Please use this identifier to cite or link to this item: http://hdl.handle.net/1822/26600

TitleAsking the right question: What is information? OR What is it that you are calling information?
Author(s)Carvalho, João Álvaro
KeywordsInformation
Issue date2013
PublisherThe Open University
Abstract(s)Information is, nowadays, a pervasive term. It can be heard or read in many different contexts and in the discourse of several different scientific and technical fields. It is sensible to admit that, in these different contexts and fields, the term might be being used to refer to different things. After all, the objects of interest of those different fields is quite disparate. It is also sensible to expect that, within one same field, there is a consensus on defining information. This would be especially likely in fields where information is a central concept. Reality shows that there is divergence in what concerns information within one same field. Even in fields where information is a central concept as in the case of the field of information systems. Looking into definitions of information presented in textbooks, research articles and other documents from the information systems area, it becomes clear that authors aren’t referring to the same thing. The odd thing is that this is seldom a problem. Unless someone poses the question “how do you define information?” and expects to obtain a well-formulated answer, there aren’t normally communication problems. Communication seems not to be affected by the existing lack of consensus on such a central concept. For several years I have been teaching a course on fundamentals of information systems. When time comes to address information, my first concern is to make students realize that they are using the term “information” to refer to different objects. As an attempt to keep students challenged, I set up a classroom exercise that I named the “information suitcase”. This name comes from one of the versions of the exercise where I take to the classroom an actual suitcase with many different objects (another version, easier to carry, involves only images). Students are shown the objects, one at a time, and for each object they are asked whether they consider it as information. Three alternative answers are allowed: yes; no; I have doubts. One first striking result is the difference in the figures that aggregate the answers. From respondents that considerer everything to be information to others to whom only a few objects are information. At another level it is interesting to discuss why some particular objects are considered, or not, as information by different respondents. Besides demonstrating that students aren’t using the term information in the same way, the exercise lays the basis for exploring different uses of the term in the information systems area. These different uses of “information” are typically related to different aspects of cognition and communication processes. The experience acquired in these classroom debates led me to avoid the question “what is information?”, substituting it for “what are you calling information to?”. The preference for the second question is an indication that I was led to admit that no consensus on the use of information in the information systems field will ever be achieved…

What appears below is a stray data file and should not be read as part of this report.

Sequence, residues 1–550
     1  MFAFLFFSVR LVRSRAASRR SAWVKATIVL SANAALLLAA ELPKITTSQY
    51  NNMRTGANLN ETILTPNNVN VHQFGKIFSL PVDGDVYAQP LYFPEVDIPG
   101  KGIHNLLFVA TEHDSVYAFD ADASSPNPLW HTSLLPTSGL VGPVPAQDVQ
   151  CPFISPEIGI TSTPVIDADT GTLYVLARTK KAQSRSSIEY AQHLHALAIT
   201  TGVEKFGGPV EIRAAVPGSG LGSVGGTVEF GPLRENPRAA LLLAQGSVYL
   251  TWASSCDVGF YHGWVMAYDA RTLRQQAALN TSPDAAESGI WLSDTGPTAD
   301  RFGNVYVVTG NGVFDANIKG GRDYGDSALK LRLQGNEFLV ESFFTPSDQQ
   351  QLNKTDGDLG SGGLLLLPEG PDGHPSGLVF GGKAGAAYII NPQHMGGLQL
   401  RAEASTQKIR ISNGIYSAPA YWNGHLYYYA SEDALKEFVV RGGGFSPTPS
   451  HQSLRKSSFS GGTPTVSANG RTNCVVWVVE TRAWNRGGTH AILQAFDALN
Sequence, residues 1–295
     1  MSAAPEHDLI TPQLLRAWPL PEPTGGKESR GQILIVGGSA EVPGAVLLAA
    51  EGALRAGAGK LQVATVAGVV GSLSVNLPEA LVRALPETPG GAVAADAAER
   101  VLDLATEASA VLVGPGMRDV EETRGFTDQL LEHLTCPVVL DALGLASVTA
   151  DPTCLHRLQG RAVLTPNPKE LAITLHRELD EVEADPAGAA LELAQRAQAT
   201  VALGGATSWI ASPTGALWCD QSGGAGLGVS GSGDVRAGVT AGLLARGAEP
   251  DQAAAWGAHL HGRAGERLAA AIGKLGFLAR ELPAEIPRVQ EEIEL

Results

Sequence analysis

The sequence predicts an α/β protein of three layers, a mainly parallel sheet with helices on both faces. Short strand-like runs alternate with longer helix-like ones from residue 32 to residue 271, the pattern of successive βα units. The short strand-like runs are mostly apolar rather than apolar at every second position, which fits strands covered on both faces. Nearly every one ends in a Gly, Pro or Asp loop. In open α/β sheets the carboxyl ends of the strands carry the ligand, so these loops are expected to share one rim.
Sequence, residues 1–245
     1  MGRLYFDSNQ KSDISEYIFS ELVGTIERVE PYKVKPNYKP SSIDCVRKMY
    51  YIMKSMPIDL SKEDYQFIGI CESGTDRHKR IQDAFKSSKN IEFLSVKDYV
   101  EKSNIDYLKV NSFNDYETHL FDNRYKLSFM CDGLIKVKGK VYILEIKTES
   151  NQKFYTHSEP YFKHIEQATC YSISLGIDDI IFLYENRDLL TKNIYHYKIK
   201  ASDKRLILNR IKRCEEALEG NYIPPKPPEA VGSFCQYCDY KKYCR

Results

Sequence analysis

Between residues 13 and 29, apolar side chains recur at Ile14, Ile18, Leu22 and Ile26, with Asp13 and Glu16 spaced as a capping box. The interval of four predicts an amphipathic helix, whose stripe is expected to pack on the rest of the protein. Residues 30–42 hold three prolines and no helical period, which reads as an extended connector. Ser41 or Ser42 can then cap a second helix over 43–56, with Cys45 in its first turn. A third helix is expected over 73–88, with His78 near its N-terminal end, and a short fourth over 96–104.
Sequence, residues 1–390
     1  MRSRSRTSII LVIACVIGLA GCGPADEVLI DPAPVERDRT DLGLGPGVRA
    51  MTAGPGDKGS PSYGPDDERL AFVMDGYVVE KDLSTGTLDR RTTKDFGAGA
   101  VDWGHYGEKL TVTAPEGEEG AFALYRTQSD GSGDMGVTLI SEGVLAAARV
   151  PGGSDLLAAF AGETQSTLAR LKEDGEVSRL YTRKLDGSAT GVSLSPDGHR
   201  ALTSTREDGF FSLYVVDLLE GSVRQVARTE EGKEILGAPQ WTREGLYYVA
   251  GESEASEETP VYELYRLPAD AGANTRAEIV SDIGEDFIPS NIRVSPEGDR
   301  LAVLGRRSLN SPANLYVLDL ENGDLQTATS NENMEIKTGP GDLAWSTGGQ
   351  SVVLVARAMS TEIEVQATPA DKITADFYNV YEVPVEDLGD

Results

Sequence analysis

TypeOral presentation
DescriptionApresentação efetuada no "The Difference that Makes a Difference 2013, An Interdisciplinary Workshop on Information : Space, Time, and Identity", em Milton Keynes, UK, 2013
URIhttp://hdl.handle.net/1822/26600
Peer-Reviewedyes
AccessOpen access
Appears in Collections:DSI - Engenharia e Gestão de Sistemas de Informação

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